Kansas Gov. Sam Brownback on May 28 signed into law the legislatively-passed HB 2233, which provides the secretary of the Kansas Department of Health and Environment with the authority to consider the costs to ratepayers when developing a compliance plan under the U.S. Environmental Protection Agency’s Clean Power Plan.
That plan, unveiled last year by EPA and due to made final this summer, calls for 30% greenhouse gas emissions reductions from existing power plants by 2030. Brownback is a Republican, the state legislature is dominated by Republicans and this bill is seen as their attempt to try and thwart the EPA’s efforts on the Clean Power Plan. Whether the bill would have much legal weight is debatable.
HB 2233 says: “The United States environmental protection agency has proposed a carbon dioxide emission standard that requires the state of Kansas to comply with a state-wide emission standard rather than requiring individual utilities to meet a specific emission standard on a generating unit basis. In determining a carbon dioxide emission standard for Kansas, the environmental protection agency has elected to require states to re-dispatch coal-fired electric generating units to natural gas-fired combined cycle generation units and renewable generating resources as well as the use of energy efficiency and demandside management resources. Because the environmental protection agency’s approach to setting a carbon dioxide emission standard crosses jurisdictional authorities, and due to the complexity of re-dispatching the integrated electric system in the state of Kansas while maintaining reliable electric service and reasonable electric rates for ratepayers, both the Kansas department of health and environment and the state corporation commission will need to provide their respective expertise in order to efficiently and effectively develop a costeffective and reliable compliance plan. This act shall be called the Kansas electric ratepayer protection act.”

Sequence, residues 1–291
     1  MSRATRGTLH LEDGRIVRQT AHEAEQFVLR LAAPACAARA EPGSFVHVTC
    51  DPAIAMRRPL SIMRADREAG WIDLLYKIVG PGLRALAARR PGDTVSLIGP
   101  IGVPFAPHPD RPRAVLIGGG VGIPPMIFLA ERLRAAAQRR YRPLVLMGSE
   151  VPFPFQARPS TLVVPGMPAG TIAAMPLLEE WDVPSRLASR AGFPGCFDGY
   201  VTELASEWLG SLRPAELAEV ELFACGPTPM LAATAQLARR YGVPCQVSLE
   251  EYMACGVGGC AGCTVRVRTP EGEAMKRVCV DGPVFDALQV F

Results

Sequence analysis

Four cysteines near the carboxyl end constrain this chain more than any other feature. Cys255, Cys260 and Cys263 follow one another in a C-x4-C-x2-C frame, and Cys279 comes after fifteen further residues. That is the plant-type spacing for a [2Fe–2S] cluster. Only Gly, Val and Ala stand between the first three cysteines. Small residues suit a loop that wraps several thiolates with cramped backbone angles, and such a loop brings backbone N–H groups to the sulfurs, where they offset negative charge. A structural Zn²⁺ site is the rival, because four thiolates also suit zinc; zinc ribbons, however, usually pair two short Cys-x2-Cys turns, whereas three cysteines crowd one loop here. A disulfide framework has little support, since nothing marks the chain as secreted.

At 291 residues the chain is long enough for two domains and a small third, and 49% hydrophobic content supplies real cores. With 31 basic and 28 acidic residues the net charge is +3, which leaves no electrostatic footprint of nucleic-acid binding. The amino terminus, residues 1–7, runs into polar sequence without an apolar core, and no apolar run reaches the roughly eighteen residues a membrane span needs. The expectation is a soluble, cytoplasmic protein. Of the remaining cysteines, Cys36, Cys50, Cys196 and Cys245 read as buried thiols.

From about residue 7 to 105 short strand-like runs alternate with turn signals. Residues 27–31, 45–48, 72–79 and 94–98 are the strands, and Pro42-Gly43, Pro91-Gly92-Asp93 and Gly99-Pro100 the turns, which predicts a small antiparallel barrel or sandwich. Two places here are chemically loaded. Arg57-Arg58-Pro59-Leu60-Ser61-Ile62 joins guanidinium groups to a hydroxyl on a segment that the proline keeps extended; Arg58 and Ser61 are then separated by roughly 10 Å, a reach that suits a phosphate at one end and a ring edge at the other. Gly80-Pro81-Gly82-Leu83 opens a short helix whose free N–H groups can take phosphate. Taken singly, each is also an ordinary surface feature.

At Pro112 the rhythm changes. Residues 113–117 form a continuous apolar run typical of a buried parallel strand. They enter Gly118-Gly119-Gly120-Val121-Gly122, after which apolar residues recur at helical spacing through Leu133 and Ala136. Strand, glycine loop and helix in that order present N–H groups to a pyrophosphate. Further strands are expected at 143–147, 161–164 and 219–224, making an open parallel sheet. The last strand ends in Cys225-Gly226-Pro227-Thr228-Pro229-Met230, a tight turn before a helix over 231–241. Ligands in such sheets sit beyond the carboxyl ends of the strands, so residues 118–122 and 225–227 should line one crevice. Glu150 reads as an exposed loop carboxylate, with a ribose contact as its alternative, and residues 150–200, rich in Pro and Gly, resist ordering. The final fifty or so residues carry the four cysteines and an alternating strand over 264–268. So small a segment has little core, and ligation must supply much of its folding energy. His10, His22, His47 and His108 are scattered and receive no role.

Under the Clean Power Plan, the secretary may develop and submit to EPA a state plan for compliance with the regulation of carbon dioxide from any affected or existing electric generating units. The bill says that the secretary may establish separate standards of performance for carbon dioxide emissions based upon: the best system of emission reduction that has been adequately demonstrated while considering the cost of achieving such reduction; reductions in emissions of carbon dioxide that can reasonably be achieved through measures taken at each electric generating unit; and efficiency improvements to any affected electric generating unit and other measures that can be undertaken at each electric generating unit to reduce carbon dioxide emissions without any requirements for fuel switching, co-firing with other fuels or limiting the utilization of the unit.